Bravo, Sarko

Some more disappointing rhetoric from the mouth of Nicolas Sarkozy, the new French president. Once lauded as the great hope for a new France, he has revealed his protectionist instincts in Brussels.

In an article today in the Financial Times, Sarkozy mounts what the FT calls a “passionate defence of French farmers,” apparently calling for the EU to be even tougher in its defense of European agriculture in world trade talks and to “protect” its citizens from globalization. I wonder how Europe’s citizens feel about being protected from lower prices for food?

In a stunning display of perverse priorities, Sarkozy was quoted as saying, “I’m not going to sell agriculture to get a better opening for services.” But a quick glance in my Economist Pocket World in Figures 2006 suggests that Sarkozy has it all wrong: the contribution to services in the French economy in 2003 was 71.4 percent of GDP, and 74 percent of employment. Agriculture’s contribution? Just 2.8 percent (and 2 percent of employment).

Certainly many services are by definition non-tradeable (ever flown to Paris to catch a taxi?), but according to the World Trade Organization, France was the world’s fourth largest exporter of commercial services in 2004. You’d think Mr Sarkozy would want to do everything in his power to promote their growth, non?

Announcing: Harper’s Law

Mine is a simple — dumb, even — adaptation of Metcalfe’s Law.

“The security and privacy risks increase proportionally to the square of the number of users of the data.”

— First quoted in this eWeek article about the electronic employment verification system included in the current immigration bill.

(I actually suspect that Briscoe’s et al’s refinement of Metcalfe’s law is more accurate, but that’s just so complicated.)

Senate Amendment Guts Immigration Reform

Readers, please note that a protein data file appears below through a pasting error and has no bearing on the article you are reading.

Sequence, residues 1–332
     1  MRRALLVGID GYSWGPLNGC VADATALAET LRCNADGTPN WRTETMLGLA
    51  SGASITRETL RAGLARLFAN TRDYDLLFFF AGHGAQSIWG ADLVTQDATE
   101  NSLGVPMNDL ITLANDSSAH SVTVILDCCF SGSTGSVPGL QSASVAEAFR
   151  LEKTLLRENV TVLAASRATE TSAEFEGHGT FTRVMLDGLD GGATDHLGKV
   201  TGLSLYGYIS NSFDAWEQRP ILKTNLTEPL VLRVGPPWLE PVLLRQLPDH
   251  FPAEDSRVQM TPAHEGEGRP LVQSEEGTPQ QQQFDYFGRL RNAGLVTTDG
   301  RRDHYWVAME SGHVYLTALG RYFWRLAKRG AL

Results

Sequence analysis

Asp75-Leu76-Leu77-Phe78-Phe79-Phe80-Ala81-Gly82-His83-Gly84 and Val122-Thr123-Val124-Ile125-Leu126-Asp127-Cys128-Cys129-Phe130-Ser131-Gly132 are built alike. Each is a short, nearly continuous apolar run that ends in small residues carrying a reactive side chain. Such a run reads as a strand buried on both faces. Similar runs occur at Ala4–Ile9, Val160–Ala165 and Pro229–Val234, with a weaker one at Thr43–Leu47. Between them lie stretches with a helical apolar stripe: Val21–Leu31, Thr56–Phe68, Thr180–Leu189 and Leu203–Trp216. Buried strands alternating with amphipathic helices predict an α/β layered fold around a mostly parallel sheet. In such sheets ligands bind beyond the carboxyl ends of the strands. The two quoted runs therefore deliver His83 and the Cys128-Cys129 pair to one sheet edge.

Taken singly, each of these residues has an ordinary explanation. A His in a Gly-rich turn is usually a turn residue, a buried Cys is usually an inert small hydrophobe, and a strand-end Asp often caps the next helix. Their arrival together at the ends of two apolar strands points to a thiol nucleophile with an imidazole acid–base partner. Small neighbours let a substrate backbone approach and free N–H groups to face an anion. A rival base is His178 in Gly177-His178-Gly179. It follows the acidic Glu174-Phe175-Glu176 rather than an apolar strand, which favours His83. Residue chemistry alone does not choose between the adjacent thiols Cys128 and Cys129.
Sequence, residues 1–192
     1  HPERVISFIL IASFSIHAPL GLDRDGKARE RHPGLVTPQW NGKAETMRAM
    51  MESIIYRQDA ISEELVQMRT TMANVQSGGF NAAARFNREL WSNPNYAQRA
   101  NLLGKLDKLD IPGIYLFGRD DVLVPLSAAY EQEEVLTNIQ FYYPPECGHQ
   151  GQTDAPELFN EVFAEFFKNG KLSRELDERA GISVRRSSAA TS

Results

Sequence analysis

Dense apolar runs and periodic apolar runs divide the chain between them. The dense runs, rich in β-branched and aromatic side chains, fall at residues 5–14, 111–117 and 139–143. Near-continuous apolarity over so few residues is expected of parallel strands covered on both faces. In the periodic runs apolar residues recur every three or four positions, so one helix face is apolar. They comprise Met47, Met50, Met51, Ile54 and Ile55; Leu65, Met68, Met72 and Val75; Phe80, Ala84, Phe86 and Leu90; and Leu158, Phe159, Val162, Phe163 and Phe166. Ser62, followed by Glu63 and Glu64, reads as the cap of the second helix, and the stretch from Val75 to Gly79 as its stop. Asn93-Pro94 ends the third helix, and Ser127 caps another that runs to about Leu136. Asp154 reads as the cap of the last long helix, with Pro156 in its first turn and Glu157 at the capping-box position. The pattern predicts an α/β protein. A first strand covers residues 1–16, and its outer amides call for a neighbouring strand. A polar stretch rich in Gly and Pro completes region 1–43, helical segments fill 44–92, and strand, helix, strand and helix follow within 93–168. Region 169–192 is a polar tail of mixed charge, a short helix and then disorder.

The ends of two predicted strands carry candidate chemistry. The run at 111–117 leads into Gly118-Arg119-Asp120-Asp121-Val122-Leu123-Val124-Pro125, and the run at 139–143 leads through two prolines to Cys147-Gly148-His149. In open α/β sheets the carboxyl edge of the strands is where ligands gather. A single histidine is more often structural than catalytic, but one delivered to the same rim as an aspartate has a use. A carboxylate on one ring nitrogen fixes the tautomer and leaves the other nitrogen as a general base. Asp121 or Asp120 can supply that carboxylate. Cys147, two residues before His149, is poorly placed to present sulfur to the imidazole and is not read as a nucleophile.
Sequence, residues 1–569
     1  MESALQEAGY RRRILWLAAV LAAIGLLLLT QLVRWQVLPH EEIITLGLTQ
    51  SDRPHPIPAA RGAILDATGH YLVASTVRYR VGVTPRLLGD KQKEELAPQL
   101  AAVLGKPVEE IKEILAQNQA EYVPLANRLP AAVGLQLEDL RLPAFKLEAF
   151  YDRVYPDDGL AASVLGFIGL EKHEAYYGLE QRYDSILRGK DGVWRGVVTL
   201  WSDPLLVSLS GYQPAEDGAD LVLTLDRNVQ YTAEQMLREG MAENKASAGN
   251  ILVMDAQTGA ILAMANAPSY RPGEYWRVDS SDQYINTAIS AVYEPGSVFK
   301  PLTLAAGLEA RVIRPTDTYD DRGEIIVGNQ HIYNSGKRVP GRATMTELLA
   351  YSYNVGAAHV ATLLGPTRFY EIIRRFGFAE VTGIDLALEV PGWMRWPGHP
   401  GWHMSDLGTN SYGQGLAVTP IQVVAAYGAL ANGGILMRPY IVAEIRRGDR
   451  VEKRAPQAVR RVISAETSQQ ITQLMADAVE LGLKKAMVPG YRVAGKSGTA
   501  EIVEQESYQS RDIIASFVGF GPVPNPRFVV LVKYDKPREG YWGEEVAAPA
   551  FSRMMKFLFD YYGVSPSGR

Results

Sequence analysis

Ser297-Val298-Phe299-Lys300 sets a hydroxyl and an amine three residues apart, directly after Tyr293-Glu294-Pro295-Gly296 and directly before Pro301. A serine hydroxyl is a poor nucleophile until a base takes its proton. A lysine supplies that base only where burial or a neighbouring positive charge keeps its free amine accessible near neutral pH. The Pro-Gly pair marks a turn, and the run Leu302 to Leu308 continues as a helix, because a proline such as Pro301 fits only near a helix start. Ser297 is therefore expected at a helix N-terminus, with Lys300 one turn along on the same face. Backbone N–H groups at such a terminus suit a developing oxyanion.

The Senate’s vote yesterday to cut the number of temporary worker visas in half knocks a big hole in the comprehensive immigration reform proposal now being debated in Congress. As I’ve written in a recent Free Trade Bulletin, allowing a sufficient number of foreign-born workers to enter the country legally to meet the obvious demand of our labor market is absolutely necessary if we want to reduce illegal immigration.

Ignoring our policy advice, the Senate voted 74-24 to adopt an amendment by Sen. Jeff Bingaman (D-N.M.) that would cut the number of annual temporary “Y visas” from 400,000 to 200,000. That number is almost certainly too low to provide the workers that our growing economy needs to fill jobs at the lower end the skill ladder for which there simply are not enough Americans available to fill them. The result, if the lower cap stands, will be continued illegal immigration.

The irony is that many of the senators voting to drastically reduce temporary visas are the same senators who warn that we should not repeat the mistake of the 1986 Immigration Reform and Control Act. That bill legalized 2.7 million illegal immigrants but was unable to stop more immigrants from entering the country illegally despite beefed-up enforcement. The real flaw of the 1986 law, however, was its complete lack of any temporary worker program to provide for future, legal workers.

By adopting the Bingaman amendment, a majority of senators have turned the current reform effort into something much more like the failed 1986 law. They have kicked the illegal immigration can down the road, leaving it to a future Congress to find a lasting solution.